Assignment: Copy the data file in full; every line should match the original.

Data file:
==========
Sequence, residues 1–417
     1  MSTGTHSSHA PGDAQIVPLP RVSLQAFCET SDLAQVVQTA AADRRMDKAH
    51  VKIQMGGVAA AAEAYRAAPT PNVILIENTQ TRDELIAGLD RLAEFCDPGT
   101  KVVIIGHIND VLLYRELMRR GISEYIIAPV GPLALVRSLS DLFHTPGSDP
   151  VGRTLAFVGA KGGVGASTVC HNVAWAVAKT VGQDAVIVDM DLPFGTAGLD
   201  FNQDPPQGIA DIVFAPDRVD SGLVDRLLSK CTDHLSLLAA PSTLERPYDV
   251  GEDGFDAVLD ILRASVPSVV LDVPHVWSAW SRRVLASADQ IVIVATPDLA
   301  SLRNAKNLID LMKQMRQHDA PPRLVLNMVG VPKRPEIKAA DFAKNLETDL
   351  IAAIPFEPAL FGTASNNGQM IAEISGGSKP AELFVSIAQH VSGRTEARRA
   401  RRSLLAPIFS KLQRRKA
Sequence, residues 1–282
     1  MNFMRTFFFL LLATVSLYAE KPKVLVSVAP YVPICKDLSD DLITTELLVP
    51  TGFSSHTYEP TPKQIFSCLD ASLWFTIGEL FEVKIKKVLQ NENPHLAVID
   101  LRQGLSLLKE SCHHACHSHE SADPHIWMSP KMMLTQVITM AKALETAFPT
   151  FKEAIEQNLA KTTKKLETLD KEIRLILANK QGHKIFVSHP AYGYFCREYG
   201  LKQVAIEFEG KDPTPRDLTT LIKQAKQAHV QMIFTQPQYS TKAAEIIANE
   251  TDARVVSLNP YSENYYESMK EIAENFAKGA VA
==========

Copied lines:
Sequence, residues 1–417
     1  MSTGTHSSHA PGDAQIVPLP RVSLQAFCET SDLAQVVQTA AADRRMDKAH
    51  VKIQMGGVAA AAEAYRAAPT PNVILIENTQ TRDELIAGLD RLAEFCDPGT
   101  KVVIIGHIND VLLYRELMRR GISEYIIAPV GPLALVRSLS DLFHTPGSDP
   151  VGRTLAFVGA KGGVGASTVC HNVAWAVAKT VGQDAVIVDM DLPFGTAGLD
   201  FNQDPPQGIA DIVFAPDRVD SGLVDRLLSK CTDHLSLLAA PSTLERPYDV
   251  GEDGFDAVLD ILRASVPSVV LDVPHVWSAW SRRVLASADQ IVIVATPDLA
   301  SLRNAKNLID LMKQMRQHDA PPRLVLNMVG VPKRPEIKAA DFAKNLETDL
   351  IAAIPFEPAL FGTASNNGQM IAEISGGSKP AELFVSIAQH VSGRTEARRA
   401  RRSLLAPIFS KLQRRKA
Sequence, residues 1–282
     1  MNFMRTFFFL LLATVSLYAE KPKVLVSVAP YVPICKDLSD DLITTELLVP
    51  TGFSSHTYEP TPKQIFSCLD ASLWFTIGEL FEVKIKKVLQ NENPHLAVID
   101  LRQGLSLLKE SCHHACHSHE SADPHIWMSP KMMLTQVITM AKALETAFPT
   151  FKEAIEQNLA KTTKKLETLD KEIRLILANK QGHKIFVSHP AYGYFCREYG
   201  LKQVAIEFEG KDPTPRDLTT LIKQAKQAHV QMIFTQPQYS TKAAEIIANE
   251  TDARVVSLNP YSENYYESMK EIAENFAKGA VA